24 March 2013

Two for One: 0:30 and Won't Back Down

Over a year ago I posted my thoughts about two movies we'd watched in two days. Well, we did it again and went on another DVD jag on Thursday and Friday seeing the just-released Zero Dark Thirty and an earlier 2012 film, Won't Back Down. Even though drawn from historical facts, both were typical genre pieces, action-thriller and a David vs. Goliath triumph over "the system." Both were well done but Zero Dark Thirty was a bit of a disappointment while Won't Back Down exceeded my expectations.

With its Academy Award nominations, political implications, and "ripped-from-the-headlines" subject matter, Zero Dark Thirty could hardly disappoint an American audience. We knew the end of the story but watching how it came to be reinforced the message that great operational success is usually the result of long, hard, and tedious preparations. Choosing to focus on the work of CIA analyst "Maya" to structure the central narrative was a neat trick but disappointed those who wanted to watch more of the operational details of the killing of Osama bin Laden. Of course, by choosing to emphasize the manhunt back-story, the film put the question of the legitimacy of enhanced interrogation techniques front and center, which irked Senator John McCain (nothing wrong with that).

Nonetheless, I suspect that the portrayal of Maya's interactions with her Station Chief in Pakistan and with CIA director Leon Panetta were greatly overwrought. Maybe I'm wrong but I can't imagine even passionate analysts being that aggressive with their superiors.

Even more, Zero Dark Thirty feeds the American individualistic approach to the world. While entirely justified, the killing of Osama bin Laden hasn't helped with the "War on Terror" (whatever exactly that is). From individual citizens to America's political (and, perhaps, intelligence and military) leadership, dealing with terrorists is perceived like WWII where we fought two discrete enemies that could be defeated on the battlefield and replaced with functioning law-centered States. Across the almost all of the Middle East as well as much Central and South Asia, the centrality of tribal loyalty holds far more significance than the barely-functioning nation states of those regions. What Westerners conceive as rational means to the end of ever-greater material indulgence and sexual autonomy doesn't characterize the approach to life of much of the world. Toppling evil dictators doesn't make the world safe for an American way of life that many despise and Zero Dark Thirty does nothing to wake us to that reality.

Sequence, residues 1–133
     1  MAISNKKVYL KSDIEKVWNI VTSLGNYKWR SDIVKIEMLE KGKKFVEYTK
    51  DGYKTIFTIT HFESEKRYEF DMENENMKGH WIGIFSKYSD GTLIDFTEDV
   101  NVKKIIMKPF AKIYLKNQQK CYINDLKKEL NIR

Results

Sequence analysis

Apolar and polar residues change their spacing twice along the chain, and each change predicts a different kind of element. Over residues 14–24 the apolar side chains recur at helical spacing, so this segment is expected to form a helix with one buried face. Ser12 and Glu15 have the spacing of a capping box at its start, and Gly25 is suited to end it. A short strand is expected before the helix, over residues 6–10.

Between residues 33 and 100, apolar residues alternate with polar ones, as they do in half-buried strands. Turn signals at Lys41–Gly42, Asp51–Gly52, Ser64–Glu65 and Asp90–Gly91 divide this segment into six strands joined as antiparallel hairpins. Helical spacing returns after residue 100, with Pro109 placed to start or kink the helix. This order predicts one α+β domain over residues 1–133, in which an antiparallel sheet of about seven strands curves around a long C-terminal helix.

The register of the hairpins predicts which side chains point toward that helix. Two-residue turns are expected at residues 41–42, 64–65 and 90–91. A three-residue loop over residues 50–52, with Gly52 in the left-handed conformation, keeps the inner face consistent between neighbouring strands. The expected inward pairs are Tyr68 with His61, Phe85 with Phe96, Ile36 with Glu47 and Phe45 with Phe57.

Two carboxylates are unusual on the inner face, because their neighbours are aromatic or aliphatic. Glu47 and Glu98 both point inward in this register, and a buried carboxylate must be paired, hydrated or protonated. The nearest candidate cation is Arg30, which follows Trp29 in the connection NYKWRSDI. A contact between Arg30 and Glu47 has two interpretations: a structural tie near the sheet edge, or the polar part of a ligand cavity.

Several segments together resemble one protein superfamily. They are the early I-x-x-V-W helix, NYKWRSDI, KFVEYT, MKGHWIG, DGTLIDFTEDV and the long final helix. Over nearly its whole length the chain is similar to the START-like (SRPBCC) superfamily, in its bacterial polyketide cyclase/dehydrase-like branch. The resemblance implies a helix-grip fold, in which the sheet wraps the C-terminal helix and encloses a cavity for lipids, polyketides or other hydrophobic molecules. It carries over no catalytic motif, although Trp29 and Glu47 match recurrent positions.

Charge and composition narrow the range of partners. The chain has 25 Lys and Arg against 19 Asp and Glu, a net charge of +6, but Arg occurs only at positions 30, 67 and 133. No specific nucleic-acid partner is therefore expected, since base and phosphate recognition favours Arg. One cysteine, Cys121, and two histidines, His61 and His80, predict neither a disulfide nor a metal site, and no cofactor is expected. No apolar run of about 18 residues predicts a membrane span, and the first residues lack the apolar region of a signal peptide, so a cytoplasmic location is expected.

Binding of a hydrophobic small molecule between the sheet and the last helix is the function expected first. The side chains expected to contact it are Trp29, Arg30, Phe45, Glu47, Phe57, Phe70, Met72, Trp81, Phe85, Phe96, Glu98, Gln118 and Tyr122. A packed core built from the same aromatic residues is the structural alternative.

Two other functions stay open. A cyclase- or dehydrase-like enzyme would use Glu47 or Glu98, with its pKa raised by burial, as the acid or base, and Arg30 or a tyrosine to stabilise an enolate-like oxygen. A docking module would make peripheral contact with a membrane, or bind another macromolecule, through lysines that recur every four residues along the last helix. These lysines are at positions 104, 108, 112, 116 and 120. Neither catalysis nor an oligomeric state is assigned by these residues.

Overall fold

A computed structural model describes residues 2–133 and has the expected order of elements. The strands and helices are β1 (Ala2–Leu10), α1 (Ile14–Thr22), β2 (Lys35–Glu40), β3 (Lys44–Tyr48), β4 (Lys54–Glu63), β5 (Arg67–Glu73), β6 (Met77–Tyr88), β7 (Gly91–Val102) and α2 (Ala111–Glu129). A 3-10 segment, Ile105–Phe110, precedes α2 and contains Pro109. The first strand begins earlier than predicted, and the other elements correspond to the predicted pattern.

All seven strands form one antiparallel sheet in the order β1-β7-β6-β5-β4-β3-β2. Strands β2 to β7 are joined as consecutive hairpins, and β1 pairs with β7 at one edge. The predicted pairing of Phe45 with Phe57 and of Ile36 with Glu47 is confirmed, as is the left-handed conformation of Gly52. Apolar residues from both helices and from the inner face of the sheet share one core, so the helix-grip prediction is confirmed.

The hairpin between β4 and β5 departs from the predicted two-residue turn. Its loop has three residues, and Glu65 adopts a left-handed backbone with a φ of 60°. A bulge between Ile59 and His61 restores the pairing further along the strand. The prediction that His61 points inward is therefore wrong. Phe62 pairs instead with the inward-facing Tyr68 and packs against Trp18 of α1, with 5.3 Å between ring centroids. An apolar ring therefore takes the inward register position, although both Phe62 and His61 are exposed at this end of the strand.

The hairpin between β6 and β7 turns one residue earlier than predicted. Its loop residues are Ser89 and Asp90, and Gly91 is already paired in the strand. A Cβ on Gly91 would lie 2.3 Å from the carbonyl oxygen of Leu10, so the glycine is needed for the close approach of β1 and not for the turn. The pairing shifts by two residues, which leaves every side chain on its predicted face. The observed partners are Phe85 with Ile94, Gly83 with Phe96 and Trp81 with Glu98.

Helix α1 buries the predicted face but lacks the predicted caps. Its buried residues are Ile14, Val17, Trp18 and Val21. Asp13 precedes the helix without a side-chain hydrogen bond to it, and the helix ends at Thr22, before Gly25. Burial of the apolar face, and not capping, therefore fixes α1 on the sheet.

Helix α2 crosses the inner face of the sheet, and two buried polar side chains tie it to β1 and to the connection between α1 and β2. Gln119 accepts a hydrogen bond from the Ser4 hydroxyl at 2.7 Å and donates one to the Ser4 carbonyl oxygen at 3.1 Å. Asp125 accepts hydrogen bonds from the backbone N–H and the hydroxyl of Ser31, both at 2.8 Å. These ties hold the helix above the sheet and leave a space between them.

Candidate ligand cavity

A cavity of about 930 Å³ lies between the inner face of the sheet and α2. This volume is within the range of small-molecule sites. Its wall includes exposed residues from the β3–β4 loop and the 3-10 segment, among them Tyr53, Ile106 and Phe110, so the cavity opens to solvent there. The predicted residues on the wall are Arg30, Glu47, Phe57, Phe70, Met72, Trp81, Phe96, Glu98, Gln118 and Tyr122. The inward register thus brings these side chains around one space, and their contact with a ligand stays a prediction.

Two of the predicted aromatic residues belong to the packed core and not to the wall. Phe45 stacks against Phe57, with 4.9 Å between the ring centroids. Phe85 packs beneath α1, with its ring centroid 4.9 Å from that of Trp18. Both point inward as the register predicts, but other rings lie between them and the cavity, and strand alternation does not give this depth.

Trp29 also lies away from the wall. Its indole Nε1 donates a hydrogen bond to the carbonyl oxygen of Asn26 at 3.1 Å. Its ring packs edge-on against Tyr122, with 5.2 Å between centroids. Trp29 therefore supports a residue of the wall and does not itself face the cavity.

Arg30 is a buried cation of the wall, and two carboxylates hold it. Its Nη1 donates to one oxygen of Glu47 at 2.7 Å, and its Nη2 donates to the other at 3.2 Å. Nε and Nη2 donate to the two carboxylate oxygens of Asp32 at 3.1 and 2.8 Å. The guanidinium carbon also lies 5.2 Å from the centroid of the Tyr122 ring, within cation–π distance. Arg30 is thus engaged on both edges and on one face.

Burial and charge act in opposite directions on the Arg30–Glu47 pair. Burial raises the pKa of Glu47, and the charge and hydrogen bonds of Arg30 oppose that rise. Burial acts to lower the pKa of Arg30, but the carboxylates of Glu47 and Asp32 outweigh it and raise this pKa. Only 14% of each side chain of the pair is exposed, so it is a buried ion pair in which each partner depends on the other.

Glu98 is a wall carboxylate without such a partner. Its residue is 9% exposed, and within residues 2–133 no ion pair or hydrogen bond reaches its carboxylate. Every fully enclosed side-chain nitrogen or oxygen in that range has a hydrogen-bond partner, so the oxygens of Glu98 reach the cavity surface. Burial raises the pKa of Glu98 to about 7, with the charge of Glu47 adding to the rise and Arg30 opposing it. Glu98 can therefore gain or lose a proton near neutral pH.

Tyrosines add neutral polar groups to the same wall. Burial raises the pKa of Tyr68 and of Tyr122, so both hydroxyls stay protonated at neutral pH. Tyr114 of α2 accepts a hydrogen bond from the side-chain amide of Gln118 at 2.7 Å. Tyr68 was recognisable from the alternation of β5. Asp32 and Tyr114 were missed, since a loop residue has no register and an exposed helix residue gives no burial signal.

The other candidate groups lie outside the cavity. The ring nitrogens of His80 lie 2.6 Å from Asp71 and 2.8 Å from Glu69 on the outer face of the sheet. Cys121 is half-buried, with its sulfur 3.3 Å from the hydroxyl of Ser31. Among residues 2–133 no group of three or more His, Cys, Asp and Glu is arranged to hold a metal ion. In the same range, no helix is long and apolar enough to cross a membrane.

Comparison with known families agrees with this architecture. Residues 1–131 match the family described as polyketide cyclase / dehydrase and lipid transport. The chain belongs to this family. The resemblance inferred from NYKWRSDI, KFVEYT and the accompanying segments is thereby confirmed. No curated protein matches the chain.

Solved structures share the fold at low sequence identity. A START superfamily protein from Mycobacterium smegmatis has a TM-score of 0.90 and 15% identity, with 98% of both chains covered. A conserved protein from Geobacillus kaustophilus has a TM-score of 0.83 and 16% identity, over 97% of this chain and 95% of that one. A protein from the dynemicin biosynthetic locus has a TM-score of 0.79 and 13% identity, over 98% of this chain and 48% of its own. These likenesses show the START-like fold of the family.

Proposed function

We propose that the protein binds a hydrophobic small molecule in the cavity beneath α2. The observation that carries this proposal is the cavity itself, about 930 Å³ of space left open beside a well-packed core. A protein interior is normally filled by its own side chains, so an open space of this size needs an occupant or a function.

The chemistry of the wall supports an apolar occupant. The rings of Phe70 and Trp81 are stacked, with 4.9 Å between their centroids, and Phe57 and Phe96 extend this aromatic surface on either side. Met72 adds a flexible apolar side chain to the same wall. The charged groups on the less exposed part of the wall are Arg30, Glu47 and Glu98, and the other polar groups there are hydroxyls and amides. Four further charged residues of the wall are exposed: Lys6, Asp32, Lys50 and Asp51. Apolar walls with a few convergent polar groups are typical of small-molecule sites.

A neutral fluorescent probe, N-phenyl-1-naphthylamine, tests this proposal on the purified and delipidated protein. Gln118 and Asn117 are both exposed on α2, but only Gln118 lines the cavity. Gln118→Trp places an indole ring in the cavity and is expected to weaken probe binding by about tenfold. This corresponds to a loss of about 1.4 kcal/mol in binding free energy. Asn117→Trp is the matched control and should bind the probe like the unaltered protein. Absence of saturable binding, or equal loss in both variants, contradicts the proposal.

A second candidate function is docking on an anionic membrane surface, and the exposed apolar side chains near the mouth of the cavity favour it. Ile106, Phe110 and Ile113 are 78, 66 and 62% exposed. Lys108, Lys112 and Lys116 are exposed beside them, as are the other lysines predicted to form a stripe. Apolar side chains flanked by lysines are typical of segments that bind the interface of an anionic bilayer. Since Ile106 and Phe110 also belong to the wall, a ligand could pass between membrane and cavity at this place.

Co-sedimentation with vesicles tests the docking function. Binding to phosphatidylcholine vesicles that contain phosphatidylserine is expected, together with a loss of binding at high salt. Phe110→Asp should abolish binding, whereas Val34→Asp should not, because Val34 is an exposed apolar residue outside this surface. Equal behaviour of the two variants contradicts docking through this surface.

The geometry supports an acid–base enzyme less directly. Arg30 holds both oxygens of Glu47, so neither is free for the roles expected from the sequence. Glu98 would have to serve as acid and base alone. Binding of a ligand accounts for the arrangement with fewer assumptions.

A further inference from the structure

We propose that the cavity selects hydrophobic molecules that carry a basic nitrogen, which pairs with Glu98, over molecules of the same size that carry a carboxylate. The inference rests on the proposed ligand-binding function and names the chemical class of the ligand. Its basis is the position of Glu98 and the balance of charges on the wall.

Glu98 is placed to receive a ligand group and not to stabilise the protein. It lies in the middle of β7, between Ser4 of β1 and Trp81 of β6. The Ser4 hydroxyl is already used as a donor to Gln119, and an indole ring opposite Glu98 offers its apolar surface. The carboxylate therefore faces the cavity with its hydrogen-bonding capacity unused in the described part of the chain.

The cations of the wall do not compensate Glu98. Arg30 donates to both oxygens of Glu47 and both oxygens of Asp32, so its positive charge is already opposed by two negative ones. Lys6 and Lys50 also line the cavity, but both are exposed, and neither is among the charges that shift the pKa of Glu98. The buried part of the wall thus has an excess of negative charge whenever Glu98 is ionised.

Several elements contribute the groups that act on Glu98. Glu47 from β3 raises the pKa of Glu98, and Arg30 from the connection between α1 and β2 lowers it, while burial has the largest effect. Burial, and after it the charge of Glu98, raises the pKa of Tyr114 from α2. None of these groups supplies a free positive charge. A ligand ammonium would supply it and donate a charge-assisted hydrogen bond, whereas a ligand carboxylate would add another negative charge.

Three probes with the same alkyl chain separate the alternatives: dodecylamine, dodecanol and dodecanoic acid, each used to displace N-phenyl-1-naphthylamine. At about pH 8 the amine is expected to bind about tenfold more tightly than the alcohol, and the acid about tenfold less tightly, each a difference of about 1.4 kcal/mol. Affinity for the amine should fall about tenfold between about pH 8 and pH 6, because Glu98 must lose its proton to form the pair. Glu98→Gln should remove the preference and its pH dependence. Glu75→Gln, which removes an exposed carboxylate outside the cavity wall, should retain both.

For those who remember, Won't Back Down is the reverse of Sally Field's Norma Rae. Won't Back Down's screenplay even refers to Norma Rae without seeming forced. Like Zero Dark Thirty, Won't Back Down is a typical American "feel-good" movie, albeit without the bad language. Against all odds a disgruntled parent and reinvigorated teacher manage to wrest control of a failing local school from its incompetent administrator and entrenched teachers union. Only in the recent past could film holding up a public service workers union to scathing criticism have made it to the big screen. Even so, union-inspired boycott efforts may have impacted its box office receipts, which were modest at best.

The film was well done and inspiring and not too treacly but again suggests that the all-too-common dehumanizing  and incompetent statist education systems in American can be fixed by two plucky individuals. The problems with our educational "system" runs far deeper and can be addressed by more extensive disestablishment and reformulation by communities of committed persons.

Two films, each good in its way. And while neither is great, both can be watched with enjoyment and, more importantly, discernment.

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